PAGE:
Long Island's research institutions are key to the region's economic activity and potential growth. We should see them not as ivory towers but as vital parts of the engine that powers the region -- and its future prosperity.
Newsday recently underscored that point in an editorial, which advocated that Long Island "grow and keep newborn companies. Give research institutions and incubators tools to create lots of them. The more we create, the more likely some will be successful, and stay."
Long Island is blessed with some of the most renowned and innovative research institutions in the nation. They have dramatic impact on the regional economy in their own right and are also catalysts for cutting-edge ideas and spin-off companies.
Cold Spring Harbor Laboratory, for instance, recently released a report on its economic activity. It estimates that Cold Spring Harbor Laboratory directly and indirectly accounted in 2013 for $139.5 million in economic output in Nassau and Suffolk counties. That supported 1,591 jobs and $89 million in earnings.
Brookhaven National Laboratory estimates that in 2012 its activities and those of its visitors generated $678 million in economic impact. That includes $31.7 million in goods and services purchased from Long Island companies, as well as $30.6 million paid to Long Island contractors. Ninety-eight percent of its 3,100 employees live on Long Island.
Stony Brook University, one of 62 research universities recognized by membership in the Association of American Universities, is the largest single-site employer on Long Island. Its annual economic impact totals $4.65 billion, generates nearly 60,000 jobs, and accounts for nearly 4 percent of all economic activity in Nassau and Suffolk counties.
Their commitment to innovation is evidenced by, among many other credentials, their combined association with at least 17 Nobel Prize winners. Discoveries made at Brookhaven National Laboratory have won seven Nobel Prizes; six Nobel Prize winners have worked at Cold Spring Harbor Laboratory; and faculty members at Stony Brook University have won Nobel Prizes in economics, in physics, and in medicine, as well as the Nobel Peace Prize.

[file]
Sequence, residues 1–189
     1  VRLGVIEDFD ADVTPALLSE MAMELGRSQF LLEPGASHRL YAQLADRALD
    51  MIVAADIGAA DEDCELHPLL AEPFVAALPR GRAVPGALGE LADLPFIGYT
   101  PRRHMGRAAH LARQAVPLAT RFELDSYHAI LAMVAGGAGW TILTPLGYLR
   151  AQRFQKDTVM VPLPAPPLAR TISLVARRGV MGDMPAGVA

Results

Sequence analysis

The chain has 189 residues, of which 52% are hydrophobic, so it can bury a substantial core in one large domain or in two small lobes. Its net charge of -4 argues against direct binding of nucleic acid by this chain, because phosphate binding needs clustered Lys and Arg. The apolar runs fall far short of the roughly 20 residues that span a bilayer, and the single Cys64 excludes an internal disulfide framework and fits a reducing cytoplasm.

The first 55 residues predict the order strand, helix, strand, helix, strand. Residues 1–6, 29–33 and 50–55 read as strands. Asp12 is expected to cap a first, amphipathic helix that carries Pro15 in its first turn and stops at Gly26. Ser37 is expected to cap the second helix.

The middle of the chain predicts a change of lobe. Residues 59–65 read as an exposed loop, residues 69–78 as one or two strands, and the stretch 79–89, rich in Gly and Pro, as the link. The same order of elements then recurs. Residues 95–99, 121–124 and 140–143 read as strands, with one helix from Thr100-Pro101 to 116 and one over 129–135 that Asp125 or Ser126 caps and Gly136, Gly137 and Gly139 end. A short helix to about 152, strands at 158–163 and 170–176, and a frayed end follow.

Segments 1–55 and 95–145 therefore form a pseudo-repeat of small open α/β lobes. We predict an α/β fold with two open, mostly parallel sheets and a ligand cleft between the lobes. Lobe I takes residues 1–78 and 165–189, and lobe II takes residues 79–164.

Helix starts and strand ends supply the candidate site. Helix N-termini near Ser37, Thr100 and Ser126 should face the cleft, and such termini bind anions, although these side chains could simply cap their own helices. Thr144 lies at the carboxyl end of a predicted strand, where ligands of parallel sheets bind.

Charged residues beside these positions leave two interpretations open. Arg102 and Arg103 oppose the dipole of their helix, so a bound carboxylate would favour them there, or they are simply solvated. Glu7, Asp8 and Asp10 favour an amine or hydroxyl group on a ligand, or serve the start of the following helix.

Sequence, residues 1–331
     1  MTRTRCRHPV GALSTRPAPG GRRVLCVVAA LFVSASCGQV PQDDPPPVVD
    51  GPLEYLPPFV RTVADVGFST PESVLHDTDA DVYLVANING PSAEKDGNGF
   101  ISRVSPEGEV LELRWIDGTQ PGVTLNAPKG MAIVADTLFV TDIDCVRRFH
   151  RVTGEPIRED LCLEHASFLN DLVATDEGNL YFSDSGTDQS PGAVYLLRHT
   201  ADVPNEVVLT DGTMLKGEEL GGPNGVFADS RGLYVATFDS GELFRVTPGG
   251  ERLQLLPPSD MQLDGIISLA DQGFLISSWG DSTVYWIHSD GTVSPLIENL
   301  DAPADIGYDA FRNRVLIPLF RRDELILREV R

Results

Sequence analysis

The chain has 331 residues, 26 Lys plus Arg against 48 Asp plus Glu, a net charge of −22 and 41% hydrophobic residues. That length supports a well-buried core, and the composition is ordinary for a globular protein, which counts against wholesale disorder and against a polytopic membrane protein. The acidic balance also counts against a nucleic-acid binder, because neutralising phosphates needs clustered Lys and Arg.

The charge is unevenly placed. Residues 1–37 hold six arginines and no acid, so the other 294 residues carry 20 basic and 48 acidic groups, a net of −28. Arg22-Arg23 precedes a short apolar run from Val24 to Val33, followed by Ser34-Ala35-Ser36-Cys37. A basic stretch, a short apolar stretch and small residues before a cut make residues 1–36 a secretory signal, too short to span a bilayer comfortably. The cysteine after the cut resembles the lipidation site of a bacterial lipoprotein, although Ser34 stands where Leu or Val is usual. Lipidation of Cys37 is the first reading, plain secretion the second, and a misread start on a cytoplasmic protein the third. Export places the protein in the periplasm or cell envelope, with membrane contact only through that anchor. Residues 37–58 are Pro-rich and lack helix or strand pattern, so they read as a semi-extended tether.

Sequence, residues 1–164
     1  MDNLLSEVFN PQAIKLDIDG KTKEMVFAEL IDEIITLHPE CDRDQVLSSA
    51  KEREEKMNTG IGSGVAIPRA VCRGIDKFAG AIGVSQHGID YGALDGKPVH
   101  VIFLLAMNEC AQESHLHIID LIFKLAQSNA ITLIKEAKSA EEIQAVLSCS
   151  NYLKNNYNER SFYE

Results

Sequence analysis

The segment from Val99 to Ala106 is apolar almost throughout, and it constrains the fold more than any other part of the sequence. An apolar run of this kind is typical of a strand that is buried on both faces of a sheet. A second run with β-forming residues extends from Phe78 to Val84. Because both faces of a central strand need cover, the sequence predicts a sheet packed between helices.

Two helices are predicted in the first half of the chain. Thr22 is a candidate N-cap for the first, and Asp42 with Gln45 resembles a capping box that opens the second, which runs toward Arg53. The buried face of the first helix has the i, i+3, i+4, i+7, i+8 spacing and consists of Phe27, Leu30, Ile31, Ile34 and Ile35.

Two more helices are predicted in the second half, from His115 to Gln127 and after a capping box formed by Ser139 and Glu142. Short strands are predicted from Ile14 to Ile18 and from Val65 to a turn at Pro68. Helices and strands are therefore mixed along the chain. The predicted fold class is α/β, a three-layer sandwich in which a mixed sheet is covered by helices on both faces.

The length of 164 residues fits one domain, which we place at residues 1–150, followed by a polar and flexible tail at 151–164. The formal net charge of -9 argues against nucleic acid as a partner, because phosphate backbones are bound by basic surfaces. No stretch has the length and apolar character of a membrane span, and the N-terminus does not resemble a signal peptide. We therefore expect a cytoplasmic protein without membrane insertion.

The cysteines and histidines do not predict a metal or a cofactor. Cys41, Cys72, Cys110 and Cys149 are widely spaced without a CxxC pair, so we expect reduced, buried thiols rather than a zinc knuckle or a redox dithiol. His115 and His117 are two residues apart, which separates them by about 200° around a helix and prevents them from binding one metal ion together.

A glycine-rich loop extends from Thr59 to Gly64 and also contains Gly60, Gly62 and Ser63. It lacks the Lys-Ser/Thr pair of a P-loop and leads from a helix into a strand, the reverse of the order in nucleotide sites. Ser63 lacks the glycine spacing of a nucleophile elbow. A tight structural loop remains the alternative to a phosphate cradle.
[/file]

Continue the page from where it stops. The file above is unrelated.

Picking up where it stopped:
Their commitment to commercializing research and creating a robust and growing entrepreneurial ecosystem can be seen in their active participation in Accelerate Long Island. Also included in the leadership of Accelerate Long Island are representatives of such other renowned institutions as Hofstra University and the North Shore-LIJ Health System. Those two institutions collaborated to create the Hofstra North Shore-LIJ School of Medicine, whose inaugural class of 30 students graduated in May.
The Hofstra North Shore-LIJ School of Medicine adds a second medical school on Long Island -- in addition to the Stony Brook University School of Medicine. It also creates another research-related institution on Long Island, as did Hofstra's launching in 2011 of its School of Engineering and Applied Science.
To grow Long Island's entrepreneurial ecosystem, the region already offers seven incubators or related facilities that are affiliated with Accelerate Long Island: the Advanced Energy Research and Technology Center at Stony Brook University; Broad Hollow Bioscience Park at Farmingdale State College; Stony Brook University's Business Incubator at Calverton; the Center of Excellence for Wireless and Information Technologies at Stony Brook University; Launchpad LI at several locations; Canrock Ventures in Hicksville; and the Long Island High Technology Incubator at Stony Brook University.
It's this research-based ecosystem that we need to encourage, enhance, and expand. It includes our world-renowned institutions, the incubators that they provide, the start-up businesses that they generate, and the wide variety of jobs and services that they require. It's this ecosystem that is core to the economic growth of our region and to creating the jobs that so many Long Islanders need and deserve.
Nancy Rauch Douzinas is President of the Rauch Foundation.
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